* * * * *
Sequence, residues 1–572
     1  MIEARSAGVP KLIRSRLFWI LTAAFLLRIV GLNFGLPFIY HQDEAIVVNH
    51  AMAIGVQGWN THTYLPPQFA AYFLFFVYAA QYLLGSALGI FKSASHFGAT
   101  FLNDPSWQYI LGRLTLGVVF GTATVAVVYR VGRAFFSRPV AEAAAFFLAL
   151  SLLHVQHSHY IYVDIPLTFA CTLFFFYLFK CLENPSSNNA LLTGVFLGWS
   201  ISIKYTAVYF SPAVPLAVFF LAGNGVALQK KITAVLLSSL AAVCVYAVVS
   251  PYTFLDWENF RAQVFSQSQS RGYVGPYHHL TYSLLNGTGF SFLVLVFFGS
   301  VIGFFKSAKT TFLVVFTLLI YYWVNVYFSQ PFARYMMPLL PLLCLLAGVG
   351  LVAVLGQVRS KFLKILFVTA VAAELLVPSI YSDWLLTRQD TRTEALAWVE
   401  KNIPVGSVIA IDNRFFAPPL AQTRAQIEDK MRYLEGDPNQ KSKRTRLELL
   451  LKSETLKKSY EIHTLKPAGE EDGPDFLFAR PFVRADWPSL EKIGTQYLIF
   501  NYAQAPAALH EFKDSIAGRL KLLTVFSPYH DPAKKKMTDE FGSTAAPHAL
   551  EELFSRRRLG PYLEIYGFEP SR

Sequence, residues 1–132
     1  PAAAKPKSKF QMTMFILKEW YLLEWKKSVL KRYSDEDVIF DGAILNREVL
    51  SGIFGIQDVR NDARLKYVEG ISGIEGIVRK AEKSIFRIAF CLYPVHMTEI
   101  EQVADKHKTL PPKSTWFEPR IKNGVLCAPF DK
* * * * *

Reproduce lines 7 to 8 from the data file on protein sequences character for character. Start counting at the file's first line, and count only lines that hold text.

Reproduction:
   251  PYTFLDWENF RAQVFSQSQS RGYVGPYHHL TYSLLNGTGF SFLVLVFFGS
   301  VIGFFKSAKT TFLVVFTLLI YYWVNVYFSQ PFARYMMPLL PLLCLLAGVG